• Amide says:

      Thats true. I thought there were stories of them making passive aggressive digs at each other.
      But Alba and Paltrow also have mutual friends e.g Nicole Richie, Jen Meyer, Derek Blasberg so its possible. Who knows?

      • KellyBee says:

        Yes she did. About maybe two years ago Goop tested Albas Honest products and gave it a C in one of her news letters.

  12. Mila says:

    UGH. i already ranted at the Ellie Goulding article talkign about Taylor Swift.

    Please, this new breed of celeb women who actually try to use feminism to deflect valid questions and criticisms needs to go away.
    its all about themselves not about other women.

    sometimes i think introducing and watering feminism down to “whatever you do and say you are a feminist” is doing a great disservice to the movement.

    • *North*Star* says:

      This might be what my issue is understanding her comments — she’s hiding behind the terms.

    • Kiddo says:

      I think it waters down feminine entrepreneurial efforts, as well. Like women are too fragile to consider or address what is perceived as competition. Just point out that they are different markets, or whatever, and move on. Crying about being asked is too ultra. I’m aware that they are out there, but I focus on the excellence of my own unique product. What’s so hard about that?

  13. wendi says:

    That picture. Is she taking a photo of herself and her crew or whoever is in front of her. Regardless, it’s an odd thing to do when you’re trying to move quickly (presumably) to get out of the airport. SMH

    • TeaAndSympathy says:

      I wondered if she was taking a photo of the photographers trying to take photos of her… The pursed lips. She certainly doesn’t look like she’s in a good mood.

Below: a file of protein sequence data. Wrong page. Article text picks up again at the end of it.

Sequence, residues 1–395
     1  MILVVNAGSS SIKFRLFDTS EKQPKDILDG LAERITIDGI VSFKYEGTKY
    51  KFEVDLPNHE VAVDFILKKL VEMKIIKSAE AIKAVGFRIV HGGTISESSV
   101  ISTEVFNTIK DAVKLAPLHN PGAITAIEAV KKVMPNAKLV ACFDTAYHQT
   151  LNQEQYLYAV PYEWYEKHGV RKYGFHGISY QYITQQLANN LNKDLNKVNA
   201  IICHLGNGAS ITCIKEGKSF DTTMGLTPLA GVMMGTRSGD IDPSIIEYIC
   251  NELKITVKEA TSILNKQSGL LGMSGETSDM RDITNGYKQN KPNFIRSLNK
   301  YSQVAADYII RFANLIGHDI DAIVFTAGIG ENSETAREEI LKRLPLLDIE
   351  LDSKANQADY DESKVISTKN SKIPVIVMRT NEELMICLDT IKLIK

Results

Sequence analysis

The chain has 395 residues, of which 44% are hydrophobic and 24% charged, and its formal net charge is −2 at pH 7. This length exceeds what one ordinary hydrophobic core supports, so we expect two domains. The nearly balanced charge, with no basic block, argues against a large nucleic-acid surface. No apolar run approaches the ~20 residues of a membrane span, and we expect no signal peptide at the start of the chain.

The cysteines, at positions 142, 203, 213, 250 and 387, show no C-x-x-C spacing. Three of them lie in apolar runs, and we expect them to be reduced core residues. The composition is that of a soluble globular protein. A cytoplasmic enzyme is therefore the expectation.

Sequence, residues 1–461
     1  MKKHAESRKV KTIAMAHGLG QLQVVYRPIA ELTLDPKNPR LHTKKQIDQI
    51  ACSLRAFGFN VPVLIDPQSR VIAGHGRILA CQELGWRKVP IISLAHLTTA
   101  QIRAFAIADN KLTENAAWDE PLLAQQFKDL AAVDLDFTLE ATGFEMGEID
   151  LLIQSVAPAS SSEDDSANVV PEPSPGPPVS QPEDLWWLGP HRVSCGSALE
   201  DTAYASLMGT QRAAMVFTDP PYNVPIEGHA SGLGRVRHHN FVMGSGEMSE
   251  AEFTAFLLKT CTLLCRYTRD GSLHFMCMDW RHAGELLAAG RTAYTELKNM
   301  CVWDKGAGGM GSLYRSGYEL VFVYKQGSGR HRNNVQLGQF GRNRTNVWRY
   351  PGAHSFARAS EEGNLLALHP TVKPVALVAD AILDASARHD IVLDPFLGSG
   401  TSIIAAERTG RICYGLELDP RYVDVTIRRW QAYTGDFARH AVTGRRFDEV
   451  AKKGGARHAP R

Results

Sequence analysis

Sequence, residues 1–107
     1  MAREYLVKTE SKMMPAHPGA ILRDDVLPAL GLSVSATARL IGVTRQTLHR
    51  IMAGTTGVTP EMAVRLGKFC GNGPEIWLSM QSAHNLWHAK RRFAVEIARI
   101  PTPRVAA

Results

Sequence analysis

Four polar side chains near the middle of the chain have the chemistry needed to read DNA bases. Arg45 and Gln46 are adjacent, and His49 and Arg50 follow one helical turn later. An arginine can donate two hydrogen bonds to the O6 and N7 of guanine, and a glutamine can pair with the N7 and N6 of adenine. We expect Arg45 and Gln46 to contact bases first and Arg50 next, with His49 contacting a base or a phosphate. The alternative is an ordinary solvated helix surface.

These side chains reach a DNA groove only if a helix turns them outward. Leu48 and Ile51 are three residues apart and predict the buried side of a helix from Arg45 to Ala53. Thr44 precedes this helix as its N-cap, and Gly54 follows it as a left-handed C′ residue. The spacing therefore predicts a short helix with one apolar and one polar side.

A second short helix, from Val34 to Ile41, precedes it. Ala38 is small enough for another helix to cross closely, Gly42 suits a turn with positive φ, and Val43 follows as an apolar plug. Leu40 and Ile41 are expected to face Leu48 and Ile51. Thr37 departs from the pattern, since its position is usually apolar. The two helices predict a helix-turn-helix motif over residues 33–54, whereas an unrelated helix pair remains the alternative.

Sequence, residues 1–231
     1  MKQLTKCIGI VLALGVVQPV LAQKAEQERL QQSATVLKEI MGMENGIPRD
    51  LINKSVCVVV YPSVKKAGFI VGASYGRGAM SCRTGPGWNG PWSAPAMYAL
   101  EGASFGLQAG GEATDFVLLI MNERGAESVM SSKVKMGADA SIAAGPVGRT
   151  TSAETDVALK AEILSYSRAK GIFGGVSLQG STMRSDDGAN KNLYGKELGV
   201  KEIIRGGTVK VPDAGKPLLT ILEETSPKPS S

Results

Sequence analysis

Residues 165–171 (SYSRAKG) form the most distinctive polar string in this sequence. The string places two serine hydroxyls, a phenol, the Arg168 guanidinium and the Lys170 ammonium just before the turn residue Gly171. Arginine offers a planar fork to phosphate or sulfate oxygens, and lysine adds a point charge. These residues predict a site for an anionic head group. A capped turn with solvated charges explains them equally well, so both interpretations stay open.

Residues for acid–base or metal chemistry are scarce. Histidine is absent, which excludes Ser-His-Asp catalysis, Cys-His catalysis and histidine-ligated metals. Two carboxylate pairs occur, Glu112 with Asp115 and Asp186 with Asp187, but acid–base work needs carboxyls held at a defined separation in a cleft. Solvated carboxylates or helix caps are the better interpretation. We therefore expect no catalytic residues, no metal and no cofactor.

• ChatonMal says:

        Being neither innovative or original, her Papping the paps is a concept she ripped from Lenny Sex-On-A-Stick Kravitz. He’s released a coffee table book from his perspective. On Blythe passive-aggressively making G a target for ridicule…the way she talks you’d think she was speaking of Kravitz. Numerous eclectic talents that one. An icon who can really do it all. He even has his own arch/design firm called simply Kravitz Designs. He just designed a retro looking camera w/all the latest tech bells and whistles. He furnishes designs for high end boutique hotels. Like Martha Stewart, he’s the real deal.

  14. poppy says:

    wasn’t the original MO of goop to share info with her fans (the little italian man) and never be a brand hawking products?

    goop doesn’t have retail? what does she call selling monogram panties and lucite trays?

    goop IS like the other sites because what AIMS said upthread -another celebrity telling people how to live and what to do cuz they invented/discovered everything good and worthwhile.
    if you don’t want the other sites mentioned in your interview, state so (or have your people state it) beforehand. journalists would ask clooney re other celebrity booze brands but they are told NOT to mention other brands along with everything else a celebrity doesn’t want to be associated with or asked about.

  15. ToodySezHey says:

    Rich White girl problems.

  16. AH says:

    Oh for god’s sake, this one.

  17. Melody says:

    “How dare you expect me to know anything about my competition or the market I am working in?”

    • bella says:

      seriously, right?
      why did she get so defensive?
      it’s a perfectly legit question to ask an entrepreneur about their competition – and let’s face it – while the other brands may have different nuances, they are competitors.
      the great one – martha stewart – would have handled that question impeccably.
      simply stating that she is aware of the others but no one does what she does.
      and that the rest are copycats.
      no one compares to martha!

  18. Amide says:

    I don’t think Gwyneth was trying to shade anyone she defintely has mutual pals with Jessica Alba and Reese. I follow Jen Meyer on Instagram and she, Gwyneth, Jessica, Reece, the Foster sisters, Nicole R e.t.c always name check each other and big up each other.